The sunlight stretches over the layers of blue water and sparkles across the surface of the Caribbean Sea. The bleached white sand glints beneath the waving palm trees. The scent of strong, fresh coffee blends into the slightly salty aroma of the coastline. After breakfast, you venture to the fishing town of Caibarien, known as the White Village. Crumbling colonial buildings recall the town’s once glorious past. The sun-bleached facades conjure images of sugar, accentuated by the sugar mills dotting the streets. Water splashes over the sea wall on the Malecón. Weathered fishing boats return to the port from their daily endeavor at sea. Oceanside restaurants serve fresh crab, filling the air with a garlic, pepper, and buttery aroma.
Take in a performance of the Caibarien Municipal Concert Band as they play classic Cuban music. The drumbeat drives the musicians. The pulsing rhythm leads the show, followed by the shouting horns, and humming guitar. Band members stroll into the crowd and help onlookers find their dance moves, letting the music guide them. Once your artistic hunger had been fulfilled, you venture to the train station to board the timeless transport used across Cuba. The windows of the rail car open to the emerald countryside, letting the breeze cool the tropical heat. Locals wave to the train as it passes through the town en route to Remedios.
The peaceful atmosphere of the beach provides the relaxation for the sense in the morning. Waves crash against the sand. The scent of coconut fills the air. The window to your room frames the picture-perfect image of white sand and turquoise water. After breakfast, you return to mainland Cuba, bound for Guanayara National Park. Dense jungle covers the mountains. At the entrance of the park, you climb onto an old Russian military truck, refurbished to transport visitors around the lush vegetation and rugged terrain. The wind blows through your hair as your open-air transfer winds down the roads into the valley. Occasionally, the trees part for a pristine view of the Sierra del Escambray and Topes de Collantes ranges.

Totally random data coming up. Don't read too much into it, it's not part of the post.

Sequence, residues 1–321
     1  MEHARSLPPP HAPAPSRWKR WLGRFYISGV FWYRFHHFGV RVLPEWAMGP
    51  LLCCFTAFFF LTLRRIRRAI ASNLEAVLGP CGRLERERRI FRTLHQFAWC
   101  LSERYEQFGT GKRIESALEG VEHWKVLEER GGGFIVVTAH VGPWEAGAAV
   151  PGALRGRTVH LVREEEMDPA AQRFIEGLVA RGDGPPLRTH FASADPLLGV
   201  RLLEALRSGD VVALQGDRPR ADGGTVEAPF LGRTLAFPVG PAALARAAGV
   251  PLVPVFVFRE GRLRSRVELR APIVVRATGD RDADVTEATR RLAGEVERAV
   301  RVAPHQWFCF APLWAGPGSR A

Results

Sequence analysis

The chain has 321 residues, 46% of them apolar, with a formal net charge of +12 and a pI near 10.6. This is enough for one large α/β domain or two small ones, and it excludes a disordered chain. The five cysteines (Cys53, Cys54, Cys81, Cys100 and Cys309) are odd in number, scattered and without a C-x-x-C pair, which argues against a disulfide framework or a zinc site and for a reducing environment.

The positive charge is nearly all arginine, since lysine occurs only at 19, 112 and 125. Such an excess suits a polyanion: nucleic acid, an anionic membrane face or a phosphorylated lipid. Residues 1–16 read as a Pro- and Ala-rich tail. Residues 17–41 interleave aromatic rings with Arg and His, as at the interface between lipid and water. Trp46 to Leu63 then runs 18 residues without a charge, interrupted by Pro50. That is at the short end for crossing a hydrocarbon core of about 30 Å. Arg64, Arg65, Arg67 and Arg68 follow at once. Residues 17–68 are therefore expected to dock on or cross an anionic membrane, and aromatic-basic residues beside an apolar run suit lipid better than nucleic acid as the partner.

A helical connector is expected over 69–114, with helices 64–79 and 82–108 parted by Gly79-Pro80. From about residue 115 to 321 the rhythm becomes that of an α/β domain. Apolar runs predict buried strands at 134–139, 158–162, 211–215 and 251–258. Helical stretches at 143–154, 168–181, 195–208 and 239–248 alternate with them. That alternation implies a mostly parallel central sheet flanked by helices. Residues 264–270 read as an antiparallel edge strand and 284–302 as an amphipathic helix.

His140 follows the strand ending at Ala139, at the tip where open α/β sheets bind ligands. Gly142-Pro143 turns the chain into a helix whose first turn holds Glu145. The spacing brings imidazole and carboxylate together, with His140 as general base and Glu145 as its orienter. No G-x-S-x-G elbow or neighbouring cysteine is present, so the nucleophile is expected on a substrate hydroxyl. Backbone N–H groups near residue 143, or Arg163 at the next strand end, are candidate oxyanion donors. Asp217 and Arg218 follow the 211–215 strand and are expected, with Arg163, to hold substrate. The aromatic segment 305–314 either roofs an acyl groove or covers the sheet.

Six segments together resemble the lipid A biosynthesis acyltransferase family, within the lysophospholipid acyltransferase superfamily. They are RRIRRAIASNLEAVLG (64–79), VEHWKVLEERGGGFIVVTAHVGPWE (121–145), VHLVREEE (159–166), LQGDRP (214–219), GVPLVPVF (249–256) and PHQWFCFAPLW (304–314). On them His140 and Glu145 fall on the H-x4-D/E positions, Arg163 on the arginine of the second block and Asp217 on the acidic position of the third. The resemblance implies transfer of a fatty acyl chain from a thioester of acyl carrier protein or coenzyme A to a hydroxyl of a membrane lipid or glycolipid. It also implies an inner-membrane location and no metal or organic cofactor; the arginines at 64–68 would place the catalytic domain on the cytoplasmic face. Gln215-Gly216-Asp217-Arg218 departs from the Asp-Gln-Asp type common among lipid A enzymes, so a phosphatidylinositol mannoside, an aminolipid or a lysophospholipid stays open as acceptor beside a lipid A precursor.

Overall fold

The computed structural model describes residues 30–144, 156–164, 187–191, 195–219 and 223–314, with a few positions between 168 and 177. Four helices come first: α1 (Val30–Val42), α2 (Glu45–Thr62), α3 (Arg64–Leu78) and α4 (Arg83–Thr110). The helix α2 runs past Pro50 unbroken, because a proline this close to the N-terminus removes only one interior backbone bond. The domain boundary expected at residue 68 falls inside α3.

Your guide stops the truck throughout the park to point out the native plant life, including flora believed to hold special healing properties. Bunches of bananas dangle from the canopy. Coffee beans bud beneath bushels of leaves. Cuba’s national bird, the Tocororo, lingers in the trees. Its feathers flash the red, blue, and white of the Cuban flag. It can grow to eleven inches in length with a fluffy tail. You hear the cascading sound of El Rocio waterfall before you see it. The water beads down the mountainside clinging to the rocks. Bamboo trees grow on the periphery. The water continues to stream into a natural pool hidden by the trees. The water shines in shades of teal and mint in the sunlight.
Return to the city of Santa Clara for the day to immerse yourself in the culture of the Revolution. The city maintains its sense of strength and feistiness in the student population attending the most prestigious university in Cuba outside of Havana. A 23-foot tall statue of Che Guevara overlooks the main square of Plaza Mayor. A series of comic book style murals decorate the walls on Carretera Central. The art satirically depicts Cuban-American relations with images such as Cuban helicopters taking away the Statue of Liberty. Fans of Che Guevara make their way to the mausoleum and monument honoring the revolutionary.
The complex stands outside the town center, beckoning visitors with the enormous statue of Che marking its location. The 38 stone-carved niches commemorate the guerrillas who fought in the failed revolutionary attempt in Bolivia. The culture of the city combines a Cuban sense of rebellion with a magnetic friendliness. Meet a small local band that continues the tradition of adding sound to a silent movie. Their instruments help turn the city into a cinematic landscape, creating emotions set against the backdrop of history. When the reality of the city returns, you make your way to the Fabrica de Tabacos Constantino Perez Carrodeguas to tour the factory producing a range of the famous Cuban cigars.
You take in the morning view one last time at Cayo Santa Maria. At times, it is hard to believe the vibrant colors of the ocean and the pure-white sand are real. After breakfast, your private transfer escorts you to a family operated print shop specializing in historic printing since the 19th century. The interior of the shop contains an aroma of leather and freshly bound books. Your guide takes out individual letter plates and demonstrates how to place and position the linotype machine. After the demonstration, you have the chance to print something yourself, using the techniques learned during your tour. The gears turn, making rambunctious sounds echoing in the small space.